Art All Night artistically takes over Wisconsin Avenue
Tenleytown and other D.C. neighborhoods celebrate the District’s creative communities with free event
Tenleytown Main Street, a community-based non-profit organization, will produce and sponsor their fourth annual Art All Night event in Tenleytown on Saturday from 7 p.m. to midnight.
“Art All Night is really about celebrating the District’s creative community and highlighting the diverse depth and breadth of the artistic talent in the District,” said Leigh Catherine Miles, the executive director of Tenleytown Main Street. “In Tenleytown, we fully embrace that.”
Art All Night is an annual, free overnight art festival that is presented by Mayor Muriel Bowser and D.C. Department of Small and Local Business Development. The event takes place in eight different neighborhoods, including Congress Heights, Deanwood Heights, Dupont Circle, H Street, Minnesota Avenue, North Capitol, Shaw and Tenleytown, on the same night.
“[Tenleytown is] one of about 1,200 main streets across the country, and one of more than 18 here in the District of Columbia that focuses on revitalizing our commercial areas and our specific neighborhoods,” Miles said. “Part of that revitalization is the arts.”
This year, Tenleytown will host over 200 artists and performers in their 19 different public and private venue spaces along Wisconsin Avenue. Each of the locations will be transformed into a pop-up art gallery or performance area. For example, Guapo’s second floor will host a flamenco dancing performance and a comedy club featuring AU students and alumni, which is run by Asteria Entertainment, a group created by AU senior Rebecca Lamis.
The idea to have an event like Art All Night was not a D.C. original, however. The event was inspired by Paris’ Nuit Blanche, a similar overnight arts festival in France, which was introduced to D.C. by Shaw Main Street 11 years ago. Tenleytown entered the list of participating neighborhoods in January 2016. The event has only grown since, with 13,000 art-lovers in attendance last year in Tenleytown alone.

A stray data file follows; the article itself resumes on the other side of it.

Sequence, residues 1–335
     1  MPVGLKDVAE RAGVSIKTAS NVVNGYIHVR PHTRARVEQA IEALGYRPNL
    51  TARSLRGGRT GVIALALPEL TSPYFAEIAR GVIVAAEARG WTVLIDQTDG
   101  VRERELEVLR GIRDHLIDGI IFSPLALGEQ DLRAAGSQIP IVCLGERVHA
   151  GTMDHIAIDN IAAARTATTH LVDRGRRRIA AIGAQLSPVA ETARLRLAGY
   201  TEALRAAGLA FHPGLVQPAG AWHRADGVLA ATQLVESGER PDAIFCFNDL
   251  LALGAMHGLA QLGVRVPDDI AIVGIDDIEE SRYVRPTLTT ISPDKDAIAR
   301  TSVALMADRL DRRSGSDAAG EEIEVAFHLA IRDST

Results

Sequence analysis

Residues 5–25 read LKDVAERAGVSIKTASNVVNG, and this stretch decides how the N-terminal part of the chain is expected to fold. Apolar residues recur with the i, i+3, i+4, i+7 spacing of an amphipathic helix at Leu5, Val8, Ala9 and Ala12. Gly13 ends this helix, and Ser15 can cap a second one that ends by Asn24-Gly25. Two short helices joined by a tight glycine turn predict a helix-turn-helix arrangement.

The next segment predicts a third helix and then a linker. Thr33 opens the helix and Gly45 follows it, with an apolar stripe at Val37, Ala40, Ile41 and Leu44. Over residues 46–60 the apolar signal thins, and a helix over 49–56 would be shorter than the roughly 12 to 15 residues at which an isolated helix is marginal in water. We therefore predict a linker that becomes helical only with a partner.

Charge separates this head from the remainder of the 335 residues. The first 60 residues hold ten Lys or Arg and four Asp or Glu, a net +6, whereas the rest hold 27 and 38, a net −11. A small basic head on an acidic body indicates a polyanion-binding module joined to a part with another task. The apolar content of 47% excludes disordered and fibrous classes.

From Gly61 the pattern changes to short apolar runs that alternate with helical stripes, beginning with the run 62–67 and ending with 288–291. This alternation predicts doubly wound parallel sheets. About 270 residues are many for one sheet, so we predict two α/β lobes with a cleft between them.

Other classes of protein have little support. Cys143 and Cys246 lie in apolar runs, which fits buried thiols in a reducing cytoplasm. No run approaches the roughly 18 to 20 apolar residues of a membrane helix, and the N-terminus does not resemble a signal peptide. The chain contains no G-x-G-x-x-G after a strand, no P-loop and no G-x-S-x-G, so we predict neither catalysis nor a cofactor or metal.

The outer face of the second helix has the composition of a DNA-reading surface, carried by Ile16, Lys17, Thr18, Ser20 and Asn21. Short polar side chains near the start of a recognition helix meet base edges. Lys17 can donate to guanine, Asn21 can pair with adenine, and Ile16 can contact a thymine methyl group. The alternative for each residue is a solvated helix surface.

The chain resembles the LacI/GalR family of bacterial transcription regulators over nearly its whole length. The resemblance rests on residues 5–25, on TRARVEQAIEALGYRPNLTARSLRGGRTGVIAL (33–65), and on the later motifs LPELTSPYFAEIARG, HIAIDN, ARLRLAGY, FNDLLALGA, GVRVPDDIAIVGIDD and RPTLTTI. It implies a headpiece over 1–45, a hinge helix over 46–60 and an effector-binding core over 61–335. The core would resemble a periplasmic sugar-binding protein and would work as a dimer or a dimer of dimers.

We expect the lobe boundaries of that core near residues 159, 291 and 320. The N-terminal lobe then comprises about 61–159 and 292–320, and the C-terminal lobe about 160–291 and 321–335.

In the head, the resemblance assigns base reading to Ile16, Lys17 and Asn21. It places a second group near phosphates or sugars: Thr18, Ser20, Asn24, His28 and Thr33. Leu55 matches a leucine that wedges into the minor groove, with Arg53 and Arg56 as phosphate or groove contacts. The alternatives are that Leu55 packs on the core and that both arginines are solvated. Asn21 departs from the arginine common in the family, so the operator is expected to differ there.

While Miles said that Tenleytown’s Art All Night is for “art-lovers of all ages, of all tastes and all backgrounds,” she still offers her opinions on which events may appeal the most to college students. These include the “Art in DC/DC in Art” at Citizen Heights curation, the “Art Of A Woman” exhibit at the BOLD Center and the outdoor silent disco at the Art All Night Welcome Center in the open lot next to Tenley Bar & Grill on Wisconsin Avenue.
Tenleytown’s Art All Night even features AU’s Katzen Arts Center as one of the 19 venues, which brings the evening close to home.
“American University is a great partner of Tenleytown Main Street,” Miles said. “The Katzen Art Center [and] the AU Museum will be open for a special after-hours showing of their early fall exhibits, and they’ll have more activities going on there as well.”
Nicole Martin, an M.A. candidate and the marketing and publications assistant for AU’s museum, said in an email that both students and community members should come to Katzen this Saturday between 7 p.m. and 10 p.m. for “make-and-take art activities, light refreshments, live music, ask-me docents to guide you through our early fall exhibitions, as well as pop-up performances from [Professor] Britta Peterson’s capstone class.”
Beyond the Katzen Arts Center, three of AU’s a cappella groups—On a Sensual Note, Pitches Be Trippin’ and Dime a Dozen—will be performing outside Janney Elementary School between 7:15 p.m. and 8:20 p.m.
Art All Night is free, which makes all there is to do even better.
“It’s a fully free event, which we’re really proud of and all the neighborhoods are proud of because it means that your access to enjoy and experience and explore the arts is not determined by your economics, it’s open to all,” Miles said.
Miles said that if you haven’t been to Tenleytown’s Art All Night, you aren’t seeing the neighborhood at its fullest.
“You can’t possibly fathom the amazing array of music, dance, art, color, vibrancy [and] energy that comes to Tenleytown,” Miles said. “We want to encourage people to come to Tenleytown and experience this neighborhood in a different way.”
Correction: This story previously reported that Main Street had 12,000 programs nationwide. It has been updated with the correct number.